In another example, our cat, Monty still has moments when he lies down with his claws in the bottom step of the stairs, as if he is going to scratch it. He used to do this all the time when we had our old carpet but as soon as we got new carpet, we bought him a horizontal scratcher, which he loves, which saved our new carpet from being shredded. He chooses the scratcher over the carpet 99.9% of the time.
On the occasions that he has a mad, crazy-eyed moment and dashes over to the bottom step with claws prepared for a full-on carpet attack, he looks up at me just before he intends to commence his assault and pauses. With our gazes locked, I say to him ‘No, we don’t do that anymore, do we?’ Disappointed, he releases the carpet from his grasp and can be tempted away with a toy or will voluntarily move on to ‘attack’ his cardboard scratcher, which results in a ‘Good boy!’ from me.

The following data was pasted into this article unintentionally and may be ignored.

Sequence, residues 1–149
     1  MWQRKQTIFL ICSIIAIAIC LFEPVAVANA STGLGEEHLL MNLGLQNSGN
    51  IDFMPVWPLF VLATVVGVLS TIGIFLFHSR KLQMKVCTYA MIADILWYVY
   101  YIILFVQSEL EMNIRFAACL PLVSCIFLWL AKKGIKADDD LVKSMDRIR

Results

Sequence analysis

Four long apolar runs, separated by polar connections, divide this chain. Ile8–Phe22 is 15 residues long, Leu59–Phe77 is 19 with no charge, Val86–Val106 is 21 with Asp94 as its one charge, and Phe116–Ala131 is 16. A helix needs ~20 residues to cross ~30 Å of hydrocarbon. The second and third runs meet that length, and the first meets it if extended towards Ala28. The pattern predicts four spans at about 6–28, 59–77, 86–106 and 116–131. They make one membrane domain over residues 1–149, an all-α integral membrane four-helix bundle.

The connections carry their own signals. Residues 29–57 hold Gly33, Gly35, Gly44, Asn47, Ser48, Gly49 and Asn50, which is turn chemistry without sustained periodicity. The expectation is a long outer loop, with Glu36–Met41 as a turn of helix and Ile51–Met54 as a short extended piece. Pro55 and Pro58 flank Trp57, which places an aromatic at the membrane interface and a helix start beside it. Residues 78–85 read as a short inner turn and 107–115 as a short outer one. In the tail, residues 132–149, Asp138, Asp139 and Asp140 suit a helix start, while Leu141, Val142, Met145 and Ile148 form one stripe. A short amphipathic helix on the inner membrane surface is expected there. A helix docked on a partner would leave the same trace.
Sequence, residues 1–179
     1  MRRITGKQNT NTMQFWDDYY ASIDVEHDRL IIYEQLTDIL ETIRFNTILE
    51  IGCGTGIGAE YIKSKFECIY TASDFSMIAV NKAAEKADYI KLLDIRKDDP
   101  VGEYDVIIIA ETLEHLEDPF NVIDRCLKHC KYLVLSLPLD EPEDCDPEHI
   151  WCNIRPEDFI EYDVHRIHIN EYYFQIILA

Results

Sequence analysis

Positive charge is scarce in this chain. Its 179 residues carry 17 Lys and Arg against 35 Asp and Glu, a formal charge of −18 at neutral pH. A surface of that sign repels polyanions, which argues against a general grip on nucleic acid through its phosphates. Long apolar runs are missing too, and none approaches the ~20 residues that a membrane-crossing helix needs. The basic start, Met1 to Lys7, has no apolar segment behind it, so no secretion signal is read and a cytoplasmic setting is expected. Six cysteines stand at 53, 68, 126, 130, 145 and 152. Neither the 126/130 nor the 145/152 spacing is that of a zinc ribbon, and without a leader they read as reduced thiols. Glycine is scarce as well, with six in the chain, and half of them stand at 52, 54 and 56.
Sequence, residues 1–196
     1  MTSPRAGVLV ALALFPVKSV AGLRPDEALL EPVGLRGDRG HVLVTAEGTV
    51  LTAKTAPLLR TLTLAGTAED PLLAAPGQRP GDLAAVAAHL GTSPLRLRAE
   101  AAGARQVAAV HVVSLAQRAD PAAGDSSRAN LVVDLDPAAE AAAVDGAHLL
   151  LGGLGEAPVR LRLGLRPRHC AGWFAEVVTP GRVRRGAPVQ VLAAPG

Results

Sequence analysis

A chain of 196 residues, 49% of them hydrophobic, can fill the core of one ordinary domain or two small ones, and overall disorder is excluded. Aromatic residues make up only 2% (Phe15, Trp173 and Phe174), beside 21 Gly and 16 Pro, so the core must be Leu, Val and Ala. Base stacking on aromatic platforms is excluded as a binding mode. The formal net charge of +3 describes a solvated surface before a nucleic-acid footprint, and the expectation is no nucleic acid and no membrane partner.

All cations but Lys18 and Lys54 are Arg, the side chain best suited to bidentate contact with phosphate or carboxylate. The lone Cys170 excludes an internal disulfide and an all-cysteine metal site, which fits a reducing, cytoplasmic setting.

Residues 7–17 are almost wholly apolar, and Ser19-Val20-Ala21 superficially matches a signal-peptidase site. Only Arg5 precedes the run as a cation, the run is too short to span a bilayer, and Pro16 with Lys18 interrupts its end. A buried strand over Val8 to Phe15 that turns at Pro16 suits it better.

Another of our mutual understandings is a ‘No, it’s not dinner time yet’ when he is in the kitchen begging for food just because he can. After saying this line, I no longer glance in his direction and continue with whatever I’m doing. After a couple more minutes, Monty will go and find something less boring to do. I can’t see anything aversive going on here and, hopefully neither can Monty.
What concerns me here is that what I preach to others and what I do naturally myself makes me a hypocrite. Here’s me telling people not to use the word ‘No’ or physically intervene because the animal will learn that their behaviour gets their human’s attention, whether good or bad, yet I still do these things myself, albeit in a calm and ‘non-punishing’ way.